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Re: Spinoffs

I am rather surprised that people on this list are taking the idea of
"spinoffs" seriously at all. The whole concept of justifying
expenditures on science and technology on the basis that they will
produce spinoffs strikes me as akin to prostitution. "Hey there, big
boy. Spend a few billions with me and I'll show you some spinoffs
that will knock your socks off! Of course, I can't tell you what they
are before you spend the money, but you won't be disappointed. I've
got some stuff you wouldn't believe" (spoken with an erotic

The technological fruits of science are out there for us to see,
although if we analyze the details, I think we'll find that science
has benefited more from technology than vice versa, and there is a
lot of technology that was found without any understanding of the
underlying science. Check out Henry Bauer's book, "Scientific
Literacy and the Myth of the Scientific Method" (Urbana: University
of Illinois Press, 1994) for a more detailed discussion of this. But
whether they are there or not is in the final analysis, irrelevant to
science. Science is the pursuit of understanding about how the world
is put together. It is not about the benefits to mankind that will
flow from it. While they are there, they do not all prove to be
benefits, and, more importantly, they are neither guaranteed nor are
they "deserved" in the sense that we have earned them in any way.
They are just there.

Two quotations, both attributed to Faraday, but perhaps falsely, are
relevant. In the first he was supposed to have been speaking with
Queen Victoria who asked him, following a demonstration of some
phenomenon he had discovered, "Of what use is this discovery of
yours?" and he is said to have responded, "Madam, of what use is a
newborn baby?" I read that the Queen was not amused. In the second,
he is said to have responded to the same question from the Prime
Minister (I believe it was Gladstone) upon being shown a model of his
dynamo, "Sir, someday you will be able to tax this."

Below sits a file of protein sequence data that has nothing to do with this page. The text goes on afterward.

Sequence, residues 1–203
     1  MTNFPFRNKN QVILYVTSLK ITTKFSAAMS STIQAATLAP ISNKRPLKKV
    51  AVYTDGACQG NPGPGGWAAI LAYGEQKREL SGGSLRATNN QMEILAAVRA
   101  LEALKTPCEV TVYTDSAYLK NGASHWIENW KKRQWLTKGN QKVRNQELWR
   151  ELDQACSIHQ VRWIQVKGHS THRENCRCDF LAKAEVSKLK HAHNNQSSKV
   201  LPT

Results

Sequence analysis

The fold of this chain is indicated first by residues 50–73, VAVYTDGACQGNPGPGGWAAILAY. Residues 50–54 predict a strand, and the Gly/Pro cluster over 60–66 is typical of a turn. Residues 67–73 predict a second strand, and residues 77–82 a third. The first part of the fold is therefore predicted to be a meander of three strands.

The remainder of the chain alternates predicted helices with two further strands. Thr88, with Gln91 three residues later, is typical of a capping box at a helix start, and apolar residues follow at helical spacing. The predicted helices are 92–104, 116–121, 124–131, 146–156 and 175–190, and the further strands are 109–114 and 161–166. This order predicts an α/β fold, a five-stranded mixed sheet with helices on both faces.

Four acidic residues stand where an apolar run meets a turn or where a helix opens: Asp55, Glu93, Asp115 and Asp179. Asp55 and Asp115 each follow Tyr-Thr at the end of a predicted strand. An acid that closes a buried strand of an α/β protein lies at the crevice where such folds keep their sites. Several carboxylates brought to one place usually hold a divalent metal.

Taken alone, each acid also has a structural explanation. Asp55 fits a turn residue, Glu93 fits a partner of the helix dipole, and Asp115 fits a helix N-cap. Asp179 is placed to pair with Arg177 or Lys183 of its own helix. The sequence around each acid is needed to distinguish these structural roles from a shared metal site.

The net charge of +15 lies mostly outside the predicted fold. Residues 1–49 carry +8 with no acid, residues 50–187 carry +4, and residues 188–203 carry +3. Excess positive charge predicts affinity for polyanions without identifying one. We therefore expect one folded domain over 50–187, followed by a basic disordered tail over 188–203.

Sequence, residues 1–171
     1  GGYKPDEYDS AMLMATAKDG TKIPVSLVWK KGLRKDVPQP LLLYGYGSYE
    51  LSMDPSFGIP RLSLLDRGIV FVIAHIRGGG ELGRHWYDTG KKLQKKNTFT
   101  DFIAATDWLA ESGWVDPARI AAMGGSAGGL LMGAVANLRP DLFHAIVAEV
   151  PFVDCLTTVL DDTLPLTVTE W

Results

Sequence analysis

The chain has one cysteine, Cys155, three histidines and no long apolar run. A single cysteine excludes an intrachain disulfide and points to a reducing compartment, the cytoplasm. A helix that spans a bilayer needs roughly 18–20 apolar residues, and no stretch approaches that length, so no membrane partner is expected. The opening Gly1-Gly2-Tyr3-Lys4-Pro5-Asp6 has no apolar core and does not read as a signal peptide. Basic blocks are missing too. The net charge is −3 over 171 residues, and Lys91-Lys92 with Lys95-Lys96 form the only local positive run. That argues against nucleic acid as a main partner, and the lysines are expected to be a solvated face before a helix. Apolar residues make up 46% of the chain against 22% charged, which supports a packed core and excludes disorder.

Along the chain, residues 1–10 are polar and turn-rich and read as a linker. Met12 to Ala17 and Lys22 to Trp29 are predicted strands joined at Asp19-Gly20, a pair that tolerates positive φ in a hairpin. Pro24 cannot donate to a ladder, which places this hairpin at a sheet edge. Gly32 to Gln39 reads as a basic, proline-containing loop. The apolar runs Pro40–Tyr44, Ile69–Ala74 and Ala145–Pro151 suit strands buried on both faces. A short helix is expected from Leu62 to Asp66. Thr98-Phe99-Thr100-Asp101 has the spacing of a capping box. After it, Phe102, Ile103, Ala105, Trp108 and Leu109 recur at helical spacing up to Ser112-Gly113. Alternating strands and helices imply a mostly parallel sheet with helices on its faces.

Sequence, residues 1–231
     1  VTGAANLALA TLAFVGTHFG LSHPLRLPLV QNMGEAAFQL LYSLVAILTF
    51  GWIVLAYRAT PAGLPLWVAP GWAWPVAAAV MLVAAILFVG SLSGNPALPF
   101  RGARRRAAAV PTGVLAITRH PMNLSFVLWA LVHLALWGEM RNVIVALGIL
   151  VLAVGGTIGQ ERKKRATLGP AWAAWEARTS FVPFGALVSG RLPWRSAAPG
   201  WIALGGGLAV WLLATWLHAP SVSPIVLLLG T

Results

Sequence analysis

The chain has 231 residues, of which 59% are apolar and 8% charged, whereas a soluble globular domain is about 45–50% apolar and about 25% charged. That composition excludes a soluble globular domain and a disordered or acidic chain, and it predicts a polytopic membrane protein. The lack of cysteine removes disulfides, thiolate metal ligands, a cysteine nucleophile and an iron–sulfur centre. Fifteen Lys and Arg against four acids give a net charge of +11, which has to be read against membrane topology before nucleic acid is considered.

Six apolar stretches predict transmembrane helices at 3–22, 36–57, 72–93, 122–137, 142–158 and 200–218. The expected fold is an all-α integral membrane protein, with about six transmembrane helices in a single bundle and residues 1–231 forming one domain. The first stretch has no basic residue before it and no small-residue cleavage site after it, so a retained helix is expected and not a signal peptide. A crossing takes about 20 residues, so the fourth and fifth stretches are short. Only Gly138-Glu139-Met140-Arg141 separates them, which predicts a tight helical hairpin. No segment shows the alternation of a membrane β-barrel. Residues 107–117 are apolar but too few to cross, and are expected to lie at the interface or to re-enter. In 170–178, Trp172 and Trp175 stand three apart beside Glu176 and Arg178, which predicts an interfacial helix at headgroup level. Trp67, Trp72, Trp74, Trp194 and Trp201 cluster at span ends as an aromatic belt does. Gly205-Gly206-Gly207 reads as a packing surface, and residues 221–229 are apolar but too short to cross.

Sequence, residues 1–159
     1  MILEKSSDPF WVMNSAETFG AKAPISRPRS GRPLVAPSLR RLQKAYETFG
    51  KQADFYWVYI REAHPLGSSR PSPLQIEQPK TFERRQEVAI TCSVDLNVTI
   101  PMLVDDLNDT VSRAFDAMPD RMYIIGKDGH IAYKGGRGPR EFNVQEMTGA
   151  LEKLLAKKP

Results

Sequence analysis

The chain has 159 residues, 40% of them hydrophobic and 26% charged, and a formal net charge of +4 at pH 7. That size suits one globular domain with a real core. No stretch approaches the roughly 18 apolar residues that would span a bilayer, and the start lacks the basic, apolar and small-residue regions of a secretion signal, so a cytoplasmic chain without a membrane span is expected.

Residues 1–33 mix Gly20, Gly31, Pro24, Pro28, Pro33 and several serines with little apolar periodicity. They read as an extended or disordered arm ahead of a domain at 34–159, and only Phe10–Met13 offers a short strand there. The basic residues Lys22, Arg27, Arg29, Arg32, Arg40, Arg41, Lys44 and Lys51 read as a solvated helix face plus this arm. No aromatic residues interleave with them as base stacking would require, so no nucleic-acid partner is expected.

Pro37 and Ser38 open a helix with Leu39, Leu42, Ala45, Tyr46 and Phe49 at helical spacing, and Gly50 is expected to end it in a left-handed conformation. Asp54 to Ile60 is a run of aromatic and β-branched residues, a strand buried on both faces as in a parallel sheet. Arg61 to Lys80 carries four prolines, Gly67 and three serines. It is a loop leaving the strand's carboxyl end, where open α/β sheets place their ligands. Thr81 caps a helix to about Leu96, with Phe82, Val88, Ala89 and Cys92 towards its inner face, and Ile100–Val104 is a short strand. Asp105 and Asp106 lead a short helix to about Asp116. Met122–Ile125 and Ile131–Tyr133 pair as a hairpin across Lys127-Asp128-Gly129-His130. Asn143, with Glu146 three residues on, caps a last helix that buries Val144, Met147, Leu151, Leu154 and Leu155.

We cannot direct science to any end. And it is dishonest to offer to
do some version of science as something that will provide some
previously specified benefit to humankind. Just as we justify the
arts as activities that define our humanity, we have to justify
science the same way. Will the money we devote to these activities
always be spent wisely? Probably not, but we cannot predict that in
advance with any reliability. If the public chooses not to support
science, that is their choice, and it is probably our fault for not
making the case strongly enough, but to try to sell science based on
its presumed benefits to humanity seems immoral to me. The problem of
public support of science compared to public support of the arts is
that in the modern era, doing science is so much more expensive. But
like the arts, science is worth supporting because it is part of what
makes us human. Probing the limits of knowledge is a uniquely human
activity and for that reason alone, it is worth supporting. I am fond
of quoting the biologist Albert Szent-Gyorgyi on this subject: "If
any student comes to me and says he wants to be useful to mankind and
go into research to alleviate human suffering, I advise him to go
into charity instead. Research wants real egoists, who seek their
own pleasure and satisfaction, but find it in solving the puzzles of


Hugh Haskell

(919) 467-7610

Let's face it. People use a Mac because they want to, Windows because they
have to..